Tax cuts in 2017 will depend on the Government achieving a credible surplus next year.

That will now become the focus of the Government.

If it does then expect a big election year spend up on tax cuts.

Finance Minister Bill English argues that Government new spending of around $1 to $1.5 billion is the new norm for budgets.

The Budget Fiscal Strategy Report forecasts an increase in operating expenditure next year the same as this year ($1 billion) with a sudden blowout in election year to $2.5 billion.

This is to be backed up by surpluses of $176 million next year and $1.5 billion in 2016/17, which takes account of the proposed tax cuts.

But even Government insiders concede the maths is delicate and as this year showed, a projected surplus can easily turn into a deficit.


Nevertheless it must be assumed that from now on the Government will be screwing every cost it can down with the intention of delivering tax cuts aimed at its middle class electorate to take effect in 2018.

In other words, vote National in 2017, and you’ll get the tax cut the following year.


Mr English argued today that the Better Public Services social investment approach would assist reaching the surplus targets because they would yield substantial spending savings down the track.

“The best we can do to underpin the (2016) surplus is to reduce the demand for Government services and our focus on results and social investment, the package around hardship and the work requirements are all going to have some impact,” he told the Budget lockup.

There is however some nervousness about the package announced today.

Sources close to the Budget process say though that the biggest worry is about the political impact of the work requirements which will demand that beneficiaries with children aged three and above be available for 20 hours work a week.

And there is already some criticism of the fine print in the announcement.


Former Finance Minister, Michael Cullen, who introduced Working for Families said: “You can either increase the base rate or load all increases into the supplementary payments for children.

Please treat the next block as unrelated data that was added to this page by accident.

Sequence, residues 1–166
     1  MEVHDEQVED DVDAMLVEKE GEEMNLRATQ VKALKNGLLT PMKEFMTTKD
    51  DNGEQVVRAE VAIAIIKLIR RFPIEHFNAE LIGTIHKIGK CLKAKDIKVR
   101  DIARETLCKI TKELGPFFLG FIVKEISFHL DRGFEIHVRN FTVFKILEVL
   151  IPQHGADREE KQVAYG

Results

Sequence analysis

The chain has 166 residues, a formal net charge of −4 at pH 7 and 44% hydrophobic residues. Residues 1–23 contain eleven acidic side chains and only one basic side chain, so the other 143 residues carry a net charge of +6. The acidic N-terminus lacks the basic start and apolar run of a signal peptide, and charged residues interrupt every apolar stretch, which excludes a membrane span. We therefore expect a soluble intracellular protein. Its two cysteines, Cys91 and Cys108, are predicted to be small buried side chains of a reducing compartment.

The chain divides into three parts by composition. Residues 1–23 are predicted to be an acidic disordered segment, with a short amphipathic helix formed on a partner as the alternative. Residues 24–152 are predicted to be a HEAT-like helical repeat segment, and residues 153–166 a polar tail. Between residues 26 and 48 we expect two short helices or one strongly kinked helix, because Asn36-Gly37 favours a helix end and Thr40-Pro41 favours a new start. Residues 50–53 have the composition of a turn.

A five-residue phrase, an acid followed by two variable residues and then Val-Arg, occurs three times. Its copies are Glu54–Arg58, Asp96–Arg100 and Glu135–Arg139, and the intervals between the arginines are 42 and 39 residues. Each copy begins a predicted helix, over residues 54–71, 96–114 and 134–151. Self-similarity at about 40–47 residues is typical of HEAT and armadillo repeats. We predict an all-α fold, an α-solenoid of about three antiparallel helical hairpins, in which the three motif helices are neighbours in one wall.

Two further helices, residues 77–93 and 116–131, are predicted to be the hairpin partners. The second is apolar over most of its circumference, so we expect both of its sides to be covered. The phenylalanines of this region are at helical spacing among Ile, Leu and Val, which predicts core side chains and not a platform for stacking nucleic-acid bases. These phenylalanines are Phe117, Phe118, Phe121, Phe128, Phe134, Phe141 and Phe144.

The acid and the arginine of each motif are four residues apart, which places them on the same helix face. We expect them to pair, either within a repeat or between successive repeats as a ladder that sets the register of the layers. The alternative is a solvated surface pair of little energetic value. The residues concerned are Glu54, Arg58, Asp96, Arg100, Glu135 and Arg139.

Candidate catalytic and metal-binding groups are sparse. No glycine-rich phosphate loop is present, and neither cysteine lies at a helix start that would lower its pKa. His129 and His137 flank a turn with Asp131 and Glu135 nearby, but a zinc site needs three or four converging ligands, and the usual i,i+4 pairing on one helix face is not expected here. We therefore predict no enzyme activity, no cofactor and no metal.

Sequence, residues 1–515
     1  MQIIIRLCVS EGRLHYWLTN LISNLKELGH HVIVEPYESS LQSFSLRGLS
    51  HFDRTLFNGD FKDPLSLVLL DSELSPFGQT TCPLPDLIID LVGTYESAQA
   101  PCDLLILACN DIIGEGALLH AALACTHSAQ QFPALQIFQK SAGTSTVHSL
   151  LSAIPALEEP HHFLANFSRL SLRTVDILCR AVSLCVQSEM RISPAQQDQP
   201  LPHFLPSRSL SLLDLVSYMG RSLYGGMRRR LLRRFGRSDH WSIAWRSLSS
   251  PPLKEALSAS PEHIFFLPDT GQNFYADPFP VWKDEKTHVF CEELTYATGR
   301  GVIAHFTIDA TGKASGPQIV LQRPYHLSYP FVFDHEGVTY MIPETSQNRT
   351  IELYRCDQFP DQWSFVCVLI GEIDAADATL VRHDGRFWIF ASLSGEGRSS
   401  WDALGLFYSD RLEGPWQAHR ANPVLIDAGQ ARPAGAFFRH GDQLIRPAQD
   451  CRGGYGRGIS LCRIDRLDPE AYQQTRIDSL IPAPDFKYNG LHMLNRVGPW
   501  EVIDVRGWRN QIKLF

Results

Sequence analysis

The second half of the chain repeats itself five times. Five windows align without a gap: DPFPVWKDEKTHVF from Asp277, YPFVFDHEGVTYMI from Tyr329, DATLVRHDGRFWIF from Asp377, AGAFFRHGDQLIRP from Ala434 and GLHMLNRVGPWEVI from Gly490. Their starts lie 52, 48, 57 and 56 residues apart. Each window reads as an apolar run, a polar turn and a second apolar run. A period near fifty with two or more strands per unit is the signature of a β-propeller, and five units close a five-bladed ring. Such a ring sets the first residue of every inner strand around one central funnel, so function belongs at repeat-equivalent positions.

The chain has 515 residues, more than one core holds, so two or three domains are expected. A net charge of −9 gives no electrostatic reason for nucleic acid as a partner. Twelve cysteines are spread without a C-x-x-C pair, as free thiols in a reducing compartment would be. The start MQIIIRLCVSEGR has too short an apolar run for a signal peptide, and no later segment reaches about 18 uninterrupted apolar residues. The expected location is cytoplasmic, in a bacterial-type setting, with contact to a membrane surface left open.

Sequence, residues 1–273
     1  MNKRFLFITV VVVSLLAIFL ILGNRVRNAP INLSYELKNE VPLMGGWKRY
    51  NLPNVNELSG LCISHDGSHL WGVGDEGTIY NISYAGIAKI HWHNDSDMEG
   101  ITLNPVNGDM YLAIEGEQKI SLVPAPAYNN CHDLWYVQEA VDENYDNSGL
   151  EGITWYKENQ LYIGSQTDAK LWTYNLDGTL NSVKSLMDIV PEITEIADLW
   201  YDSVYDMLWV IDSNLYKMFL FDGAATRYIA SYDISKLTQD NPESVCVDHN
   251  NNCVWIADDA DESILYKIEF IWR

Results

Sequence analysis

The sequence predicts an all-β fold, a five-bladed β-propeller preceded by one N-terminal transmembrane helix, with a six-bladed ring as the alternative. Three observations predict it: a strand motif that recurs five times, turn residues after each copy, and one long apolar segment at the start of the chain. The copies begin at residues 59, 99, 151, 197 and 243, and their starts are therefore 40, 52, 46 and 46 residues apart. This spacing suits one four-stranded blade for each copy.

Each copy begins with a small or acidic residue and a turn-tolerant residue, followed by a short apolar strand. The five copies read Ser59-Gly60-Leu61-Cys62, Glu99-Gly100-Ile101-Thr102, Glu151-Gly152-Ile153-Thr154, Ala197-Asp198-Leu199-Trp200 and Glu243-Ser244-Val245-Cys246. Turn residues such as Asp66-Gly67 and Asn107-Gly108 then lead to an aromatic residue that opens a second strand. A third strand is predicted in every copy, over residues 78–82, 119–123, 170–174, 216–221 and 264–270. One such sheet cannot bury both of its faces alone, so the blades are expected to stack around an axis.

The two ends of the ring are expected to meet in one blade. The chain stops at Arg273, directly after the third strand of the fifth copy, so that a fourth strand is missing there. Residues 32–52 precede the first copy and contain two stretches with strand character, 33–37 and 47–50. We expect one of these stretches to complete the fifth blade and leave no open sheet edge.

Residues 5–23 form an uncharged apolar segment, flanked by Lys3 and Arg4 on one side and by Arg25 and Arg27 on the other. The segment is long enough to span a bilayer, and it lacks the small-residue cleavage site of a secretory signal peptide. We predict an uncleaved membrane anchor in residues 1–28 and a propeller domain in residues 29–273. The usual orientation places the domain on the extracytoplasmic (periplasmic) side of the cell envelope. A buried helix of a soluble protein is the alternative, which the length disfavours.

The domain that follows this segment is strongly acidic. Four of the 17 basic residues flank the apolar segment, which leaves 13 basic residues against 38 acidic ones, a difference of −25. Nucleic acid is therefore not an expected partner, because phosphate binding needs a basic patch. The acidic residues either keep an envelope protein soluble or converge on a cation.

“The difference is that if you do the former you claw it back more quickly if there is any additional payments/income.

What matters is what is the increase in the hand and in that respect today’s announcement is much less than Working for Families.

“Nobody in the media seems so far seems to have understood this.”

And Professor Jonathan Boston, one of the authors of “Child Poverty in New Zealand”, a book which Mr English has referred to positively in the past said the measures would still mean families dependent on a welfare benefit were very likely to fall further behind those who secure their income from paid employment or New Zealand Superannuation.

“The gap is already very large,” he said.

“The child hardship package will reduce this gap only fractionally and probably only on a temporary basis.”


This is the issue the Prime Minister talked about on Sunday — the indexing of benefits to the consumer price index whereas New Zealand Superannuation is indexed to average wages.

Since 2008 (when the Government was elected) the average wage has increased by 25% whilst inflation has increased by only 14%. Thus over the period of this Government, benefits have increased at only half the rate of superannuation.

The question now of course is how long before a one off increase in benefits is overtaken by increases in average wages.

But the Government has left itself with very little room to move to accommodate this, particularly if it wants to pay tax cuts in 2017.

On the other side of the equation there are also worries that the increase in benefits may place pressure on the minimum wage.

It would not be surprising to hear some more from the Government on this.